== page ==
N I A G A R A G A Z E T T E niagara-gazette.com
A proposed Lockport retail outlet that would sell Niagara County-produced goods, pegged by supporters as a potential center for tourists interested in the county’s Wine Trail, failed to receive the endorsement of the Niagara River Greenway Commission this week.
By a 6-4 vote, the commission found the Canalside Wine Emporium proposal did not meet the goals of a 2007 master plan for a Buffalo-to- Youngstown recreational trail along the Niagara River.
The Greenway Commission holds no power to award funding, but its denial raises roadblocks for the project receiving any share of the $9 million in annual funding dedicated to Greenway projects.
The project may not have fallen on Tuesday had two state agencies, which had made their decisions before Tuesday’s meeting and voted by proxy, known about changes made since the initial application.
Initially, the proposal from Beautiful Vision LLC called for the property at 79 Canal St. to be privately owned. The project, as presented Tuesday, had been changed — the City of Lockport would now maintain ownership of the building.
The project has been pitched as a retail space for wine and other goods that don’t have an easy avenue into the marketplace. The space would have wine tastings from wineries on the growing Niagara trail, and could also become a center for tourists, with concierge service with information about other Niagara County attractions, sponsors said.
“We’re talking about something that has a great potential for bringing a lot of things together in the county, and acting as a unifying source for tourists and residents,” said Jack Martin of Beautiful Vision.
Martin said Wednesday he was disappointed in Tuesday’s result, especially because even some of the commissioners who voted it down at the same time said the proposal was a great idea.
The project will still move forward, and other funding sources will be sought, he said. Sponsors had been seeking $100,000 in Greenway funds for acquisition costs, according to their initial application.
Applicants who fail to receive commission endorsement are free to resubmit their plans, said Rob Belue, the commission’s executive director.
Some of the commissioners deemed the project inconsistent because they believed the project’s location was outside the boundaries of the Greenway, as well as the location having limited connections to the Niagara River, though some who voted in favor considered the project to have sufficient geographic ties with the Greenway.
The Greenway plan defines the boundary of the system to the 13 municipalities, the ones that border the Niagara River, as well as Kenmore.
The commission members who voted against the proposal were Chairman Robert J. Kresse, City of Tonawanda Mayor Ronald J. Pilozzi, Commissioner Paul G. Leuchner of Grand Island, as well as the state Department of Environmental Conservation, the state Department of State and the Empire State Development Corp.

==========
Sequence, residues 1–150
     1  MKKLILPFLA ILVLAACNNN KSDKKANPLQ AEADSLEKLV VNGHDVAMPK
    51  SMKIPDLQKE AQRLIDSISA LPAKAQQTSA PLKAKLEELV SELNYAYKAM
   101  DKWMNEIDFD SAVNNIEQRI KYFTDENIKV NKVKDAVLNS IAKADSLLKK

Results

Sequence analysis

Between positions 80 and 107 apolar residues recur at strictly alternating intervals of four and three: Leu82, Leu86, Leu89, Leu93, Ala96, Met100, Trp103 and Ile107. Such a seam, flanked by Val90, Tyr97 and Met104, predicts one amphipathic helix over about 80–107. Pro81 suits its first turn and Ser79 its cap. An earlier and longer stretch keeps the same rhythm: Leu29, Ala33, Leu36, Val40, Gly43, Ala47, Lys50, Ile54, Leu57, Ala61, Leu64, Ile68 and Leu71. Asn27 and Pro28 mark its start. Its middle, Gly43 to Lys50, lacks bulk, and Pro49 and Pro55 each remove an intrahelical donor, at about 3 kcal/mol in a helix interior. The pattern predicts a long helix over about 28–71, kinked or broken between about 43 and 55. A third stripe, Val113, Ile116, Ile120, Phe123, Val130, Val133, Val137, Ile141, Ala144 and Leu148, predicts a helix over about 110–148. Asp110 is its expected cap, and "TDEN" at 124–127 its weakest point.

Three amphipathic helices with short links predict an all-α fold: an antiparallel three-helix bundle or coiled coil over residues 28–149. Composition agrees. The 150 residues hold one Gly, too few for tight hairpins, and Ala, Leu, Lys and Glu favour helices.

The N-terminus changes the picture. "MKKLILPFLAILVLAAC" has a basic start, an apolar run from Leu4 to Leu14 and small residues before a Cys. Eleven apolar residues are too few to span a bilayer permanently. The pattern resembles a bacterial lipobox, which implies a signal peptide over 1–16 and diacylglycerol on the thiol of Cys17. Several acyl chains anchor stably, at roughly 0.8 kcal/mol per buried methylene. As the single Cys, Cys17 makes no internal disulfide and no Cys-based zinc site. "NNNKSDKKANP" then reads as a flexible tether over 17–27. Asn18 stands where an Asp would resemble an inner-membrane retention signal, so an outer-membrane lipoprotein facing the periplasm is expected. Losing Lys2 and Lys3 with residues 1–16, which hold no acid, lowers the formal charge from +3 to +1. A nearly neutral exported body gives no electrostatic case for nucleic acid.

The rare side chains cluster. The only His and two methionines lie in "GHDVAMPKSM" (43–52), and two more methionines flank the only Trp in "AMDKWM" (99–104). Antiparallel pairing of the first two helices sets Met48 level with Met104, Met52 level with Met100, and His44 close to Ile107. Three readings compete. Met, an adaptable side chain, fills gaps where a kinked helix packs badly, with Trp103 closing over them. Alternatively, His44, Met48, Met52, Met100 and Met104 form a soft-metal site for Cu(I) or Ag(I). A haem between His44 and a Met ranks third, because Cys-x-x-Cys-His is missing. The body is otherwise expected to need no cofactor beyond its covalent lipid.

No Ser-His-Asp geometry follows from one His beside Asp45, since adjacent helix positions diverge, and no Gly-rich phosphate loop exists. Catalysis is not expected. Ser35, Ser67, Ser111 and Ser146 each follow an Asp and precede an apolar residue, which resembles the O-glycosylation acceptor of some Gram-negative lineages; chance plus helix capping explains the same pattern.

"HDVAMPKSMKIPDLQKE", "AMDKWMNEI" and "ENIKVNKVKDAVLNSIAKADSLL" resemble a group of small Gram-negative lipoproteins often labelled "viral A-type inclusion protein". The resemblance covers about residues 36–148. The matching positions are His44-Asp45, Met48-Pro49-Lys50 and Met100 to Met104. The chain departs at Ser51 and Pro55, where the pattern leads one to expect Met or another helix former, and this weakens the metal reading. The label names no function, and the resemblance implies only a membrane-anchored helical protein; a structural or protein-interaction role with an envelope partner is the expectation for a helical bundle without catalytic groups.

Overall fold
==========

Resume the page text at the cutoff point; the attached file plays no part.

The commission members who voted in favor of the proposal were Village of Lewiston Mayor Richard F. Soluri, along with the State Parks Office, the state Department of Transportation and the New York Power Authority.
Two commission seats are currently vacant, and Commissioner John Giardino of Buffalo was absent from the meeting, which took place in the Beaver Island State Park clubhouse on Grand Island.
The Department of State representative, in written comments supplied to the commission, said the project “has some potential to trigger reinvestment in the Niagara Wine Trail,” as well as “potential to revitalize an urban center.”
Lockport Mayor Michael W. Tucker said he was angered by the commission’s vote, but said the project will move forward. The city’s development agency, Greater Lockport Development Corp., might spend $100,000 of its own money to fix up the building and then sell it to Beautiful Visions, he said.
“There were some great projects, but ours was the best,” Tucker said of the projects reviewed by the Greenway Commission on Tuesday.
Soluri, who said the state agencies meet as a group prior to commission votes to discuss proposals, said he believes the project has enough connection to the Greenway because of its ties to the Wine Trail.
Soluri also said he thinks Beautiful Vision should resubmit its proposal.
“I [also] think they probably could have used some backing from the county or the [Host Community] Standing Committee,” he said.
Seven governments and school districts in the county receive a $3 million allocation every year for Greenway projects. Those entities are Niagara County, Niagara Falls, Lewiston, the Town of Niagara and the school districts of Lewiston- Porter, Niagara Falls and Niagara- Wheatfield. Those seven entities, along with the Power Authority, sit on the Host Community Standing Committee.
The Lockport project was the only one among 10 proposals that failed to receive the Greenway Commission’s endorsement.
Here are the proposals that were endorsed:
Tree regeneration project at Tifft Nature Preserve, proposed by the Buffalo Museum of Science; the Union Ship Canal Open Space Project in Buffalo; access and safety improvements at the Cave of the Winds in Niagara Falls State Park; stair replacement at Artpark; creation of operations plan at Niagara Falls State Park; a proposed trail to connect the East River Marsh Enhancement Project and the South State Parkway bike/pedestrian trail through Beaver Island State Park; a handicapped-accessible paddle sports launch in Beaver Island State Park; creation of a scenic pathway from Lower River Road in Lewiston to Devil’s Hole State Park in Niagara Falls; and development of the Town of Porter recreation plan.